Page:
Do you want to improve your photography? Are you looking for cost-free methods to improve that don’t take a lot of time or technical expertise?
With a few simple exercises you can begin to drastically improve your photography. Understanding the technical side of things helps, but great photography is also about practice. The more you shoot with intention, the more you will see your photography improve.
Here are 5 Intentional Exercises To Improve Your Photography
I’d recommend you pick one, practice it for a week, and then move on to the next.
Shoot One Thing, Many Ways
There are many different ways to see any subject. If you are shooting one photo from a standing position, you are missing out on more creative angles. Take a calculated approach to your subject and you will end up with unexpected results.
- Begin by shooting from a standing position.
- Move above your subject.
- Move behind your subject.
- Move lower.
- Move higher
- Move to the right.
- Move to the left.
- Take a step closer.
- Take a step back.
You now have 9 unique perspectives of your subject. Do this every time you shoot. You are forced to slow down to think more intentionally about hitting all nine.
If you are photographing kids, animals, or adults who may not want to sit through 7 angles, pick one or two that you don’t typically use. Work within the limitations your subject presents!
Look On The Light Side
You know photography is about light, so it’s helpful if you can see the light. Begin by walking around your house in the morning, midday, and late afternoon. Notice the direction the light comes through your windows. Notice which rooms have the most light. Often your best light is in an unexpected place like the bathroom or laundry room or even with the front door open.
Take note of the color of light and its intensity. Look for light places where light is indirect.
Once you’ve studies the light in your home, step outside. Watch the light for the same qualities of
Go On A Photo Walk…With Limits
I love taking a photo walk, whether it is simply down my street or an adventure through a new town. The photo walk I’m suggesting though, isn’t just any photo walk. Take a photo walk and allow yourself to shoot only 10 frames in 60 minutes.
Yes! 10 frames in 60 minutes.
You will be forced to slow down and think very intentionally about when you click the shutter. You’ll be forced to look and angles and light.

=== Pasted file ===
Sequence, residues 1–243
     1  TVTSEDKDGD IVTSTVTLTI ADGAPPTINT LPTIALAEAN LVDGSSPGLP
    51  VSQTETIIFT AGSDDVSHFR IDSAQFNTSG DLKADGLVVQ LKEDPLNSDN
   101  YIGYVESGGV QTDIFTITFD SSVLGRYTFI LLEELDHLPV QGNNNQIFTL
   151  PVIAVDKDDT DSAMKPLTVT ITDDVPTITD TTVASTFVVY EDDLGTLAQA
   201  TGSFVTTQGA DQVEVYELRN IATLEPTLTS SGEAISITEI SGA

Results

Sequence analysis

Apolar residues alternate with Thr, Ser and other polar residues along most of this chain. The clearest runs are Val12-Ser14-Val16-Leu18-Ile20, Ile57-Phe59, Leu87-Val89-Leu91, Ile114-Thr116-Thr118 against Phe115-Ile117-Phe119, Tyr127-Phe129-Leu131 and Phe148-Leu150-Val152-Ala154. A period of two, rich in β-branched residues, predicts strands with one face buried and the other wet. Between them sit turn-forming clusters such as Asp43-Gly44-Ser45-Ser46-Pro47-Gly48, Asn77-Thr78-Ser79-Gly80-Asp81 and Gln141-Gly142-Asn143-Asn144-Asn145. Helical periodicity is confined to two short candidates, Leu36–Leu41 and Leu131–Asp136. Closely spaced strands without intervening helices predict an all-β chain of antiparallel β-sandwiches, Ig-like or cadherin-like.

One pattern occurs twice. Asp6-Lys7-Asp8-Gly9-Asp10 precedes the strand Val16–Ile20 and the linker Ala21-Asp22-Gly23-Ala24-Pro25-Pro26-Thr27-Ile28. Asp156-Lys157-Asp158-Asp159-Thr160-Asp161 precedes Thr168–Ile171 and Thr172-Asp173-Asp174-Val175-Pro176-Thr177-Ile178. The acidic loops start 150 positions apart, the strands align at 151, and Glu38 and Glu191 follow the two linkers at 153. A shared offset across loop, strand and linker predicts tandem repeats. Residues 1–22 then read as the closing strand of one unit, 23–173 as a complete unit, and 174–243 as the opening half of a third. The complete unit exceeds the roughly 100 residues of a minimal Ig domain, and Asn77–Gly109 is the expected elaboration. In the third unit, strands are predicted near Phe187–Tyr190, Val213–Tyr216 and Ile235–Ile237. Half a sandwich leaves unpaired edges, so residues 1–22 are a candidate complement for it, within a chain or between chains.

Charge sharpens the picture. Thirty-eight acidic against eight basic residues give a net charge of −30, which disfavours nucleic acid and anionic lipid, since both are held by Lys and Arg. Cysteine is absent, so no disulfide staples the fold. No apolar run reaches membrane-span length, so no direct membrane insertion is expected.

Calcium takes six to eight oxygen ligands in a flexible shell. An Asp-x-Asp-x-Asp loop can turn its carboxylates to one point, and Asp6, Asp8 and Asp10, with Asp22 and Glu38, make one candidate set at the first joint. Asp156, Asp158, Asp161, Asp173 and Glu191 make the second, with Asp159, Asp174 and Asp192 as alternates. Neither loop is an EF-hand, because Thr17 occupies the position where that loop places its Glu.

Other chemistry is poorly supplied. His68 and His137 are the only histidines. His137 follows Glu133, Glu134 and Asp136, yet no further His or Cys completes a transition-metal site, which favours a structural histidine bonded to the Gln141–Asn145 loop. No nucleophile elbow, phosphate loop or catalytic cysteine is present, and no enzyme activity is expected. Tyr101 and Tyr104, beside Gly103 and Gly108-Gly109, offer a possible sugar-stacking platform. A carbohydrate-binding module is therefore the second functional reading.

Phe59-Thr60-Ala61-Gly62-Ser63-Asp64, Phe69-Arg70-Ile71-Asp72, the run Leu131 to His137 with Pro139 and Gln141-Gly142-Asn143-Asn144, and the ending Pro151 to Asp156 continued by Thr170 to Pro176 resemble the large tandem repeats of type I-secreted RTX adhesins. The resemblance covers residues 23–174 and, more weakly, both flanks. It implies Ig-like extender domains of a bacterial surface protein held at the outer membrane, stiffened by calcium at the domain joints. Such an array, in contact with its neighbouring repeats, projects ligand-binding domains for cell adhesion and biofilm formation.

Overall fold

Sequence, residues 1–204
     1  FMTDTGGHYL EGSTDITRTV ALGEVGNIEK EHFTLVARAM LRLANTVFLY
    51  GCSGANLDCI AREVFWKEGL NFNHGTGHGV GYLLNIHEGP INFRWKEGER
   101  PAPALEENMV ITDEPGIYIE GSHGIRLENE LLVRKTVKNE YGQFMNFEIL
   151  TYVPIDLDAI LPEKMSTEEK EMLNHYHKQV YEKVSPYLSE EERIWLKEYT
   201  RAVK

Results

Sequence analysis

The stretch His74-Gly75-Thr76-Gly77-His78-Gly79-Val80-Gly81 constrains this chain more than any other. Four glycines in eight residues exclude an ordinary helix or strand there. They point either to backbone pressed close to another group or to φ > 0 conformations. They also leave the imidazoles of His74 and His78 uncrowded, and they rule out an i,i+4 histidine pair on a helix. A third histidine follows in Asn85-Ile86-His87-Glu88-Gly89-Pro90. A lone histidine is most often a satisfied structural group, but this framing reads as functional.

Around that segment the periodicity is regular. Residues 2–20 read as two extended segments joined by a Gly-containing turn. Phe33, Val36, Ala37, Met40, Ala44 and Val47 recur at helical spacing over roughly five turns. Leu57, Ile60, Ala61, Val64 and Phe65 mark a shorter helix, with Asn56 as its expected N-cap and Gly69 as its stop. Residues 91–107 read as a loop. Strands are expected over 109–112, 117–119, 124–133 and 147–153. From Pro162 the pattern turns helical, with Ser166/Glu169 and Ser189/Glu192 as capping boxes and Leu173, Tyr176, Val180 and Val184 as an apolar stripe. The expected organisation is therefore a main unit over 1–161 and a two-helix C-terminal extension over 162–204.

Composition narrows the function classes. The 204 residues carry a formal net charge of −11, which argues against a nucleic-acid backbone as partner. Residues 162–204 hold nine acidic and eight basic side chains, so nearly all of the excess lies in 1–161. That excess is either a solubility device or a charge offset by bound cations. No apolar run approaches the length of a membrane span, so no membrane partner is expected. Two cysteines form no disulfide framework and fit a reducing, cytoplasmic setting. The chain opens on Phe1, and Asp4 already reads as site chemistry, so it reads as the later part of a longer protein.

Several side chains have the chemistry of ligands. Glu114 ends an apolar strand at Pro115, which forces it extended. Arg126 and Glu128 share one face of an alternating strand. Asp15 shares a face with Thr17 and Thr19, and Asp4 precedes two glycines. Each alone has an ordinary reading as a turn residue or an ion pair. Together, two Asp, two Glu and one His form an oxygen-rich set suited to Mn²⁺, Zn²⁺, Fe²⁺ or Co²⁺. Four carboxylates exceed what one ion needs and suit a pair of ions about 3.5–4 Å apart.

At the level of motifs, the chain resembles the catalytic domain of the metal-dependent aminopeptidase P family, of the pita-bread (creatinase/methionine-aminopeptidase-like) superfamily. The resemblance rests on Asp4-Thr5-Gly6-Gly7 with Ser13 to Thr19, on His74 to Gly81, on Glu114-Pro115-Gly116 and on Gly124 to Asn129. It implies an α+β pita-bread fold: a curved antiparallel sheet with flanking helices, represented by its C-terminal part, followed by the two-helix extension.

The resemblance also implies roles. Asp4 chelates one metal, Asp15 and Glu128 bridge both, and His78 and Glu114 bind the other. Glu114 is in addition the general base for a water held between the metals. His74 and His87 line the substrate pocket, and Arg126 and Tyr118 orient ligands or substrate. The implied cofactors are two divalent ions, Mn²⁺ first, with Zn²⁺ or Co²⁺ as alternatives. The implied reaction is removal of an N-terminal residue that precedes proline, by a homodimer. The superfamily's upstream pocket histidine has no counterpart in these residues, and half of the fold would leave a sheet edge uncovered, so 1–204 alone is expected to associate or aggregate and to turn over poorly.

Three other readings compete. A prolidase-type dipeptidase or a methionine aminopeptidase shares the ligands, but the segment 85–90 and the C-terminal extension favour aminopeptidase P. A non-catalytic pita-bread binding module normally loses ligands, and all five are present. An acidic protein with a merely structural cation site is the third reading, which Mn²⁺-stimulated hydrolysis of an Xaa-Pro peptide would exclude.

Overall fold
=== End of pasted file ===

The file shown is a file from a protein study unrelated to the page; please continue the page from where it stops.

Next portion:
When I follow this exercise I find myself seeing more opportunities for photographs. I slow down, notice details and angles that I wouldn’t have seen.
Play With Shutter Speed
I love technical play with my camera. I love knowing how the buttons and dials work to help create an image. Understanding shutter speed is your ticket to sharp photos.
- Find a moving subject. Water coming out of an outside hose works well for this exercise. A child willing to jump over and over can work as well.
- Place your camera on Shutter Priority (S or TV) on your mode dial.
- Shoot at the fastest shutter speed you can.
- Shoot at the slowest. (Grab your tripod or place your camera on a steady surface for the best results.)
- Work your way through the shutter speeds in between. If you move at three clicks of your dial, you’ll move through full stops of shutter speed.
- View your photos and see what results you like.
When shooting your everyday life, try to think through your shutter speeds more intentionally. Focus on which is best for your situation.
Play With Aperture
I love aperture play. Your aperture is the setting that gives you either the blurry background of a shallow depth of field or the crisp focus of a deep depth of field. Understanding aperture helps to up the creativity in your everyday photos.
- Place your mode dial on Aperture Priority (A or AV).
- Set your aperture to the smallest number (aka the widest f/stop). This will give you the blurriest background and the smallest amount of your subject in focus.
- Click your aperture dial three times to “close down” your aperture to the next stop.
- Continue to do that, shooting at each stop.
- You may need to steady your camera or use a tripod as you move through f/11 and higher. These apertures bring in the smallest amount of light, slowing your shutter speed.
- Look at your results to see which you like.
In your everyday shooting, work on shooting with a different aperture than you typically use. Even a small adjustment in your aperture can substantially change the results of your photos.
With a little intention you can improve the photographs you take of your everyday life. Knowing what to look for and how you can adjust your camera’s settings can help move what you see to what you capture.
Do you have a favorite exercise or tip to get better everyday photos? I’d love to hear yours in the comments below!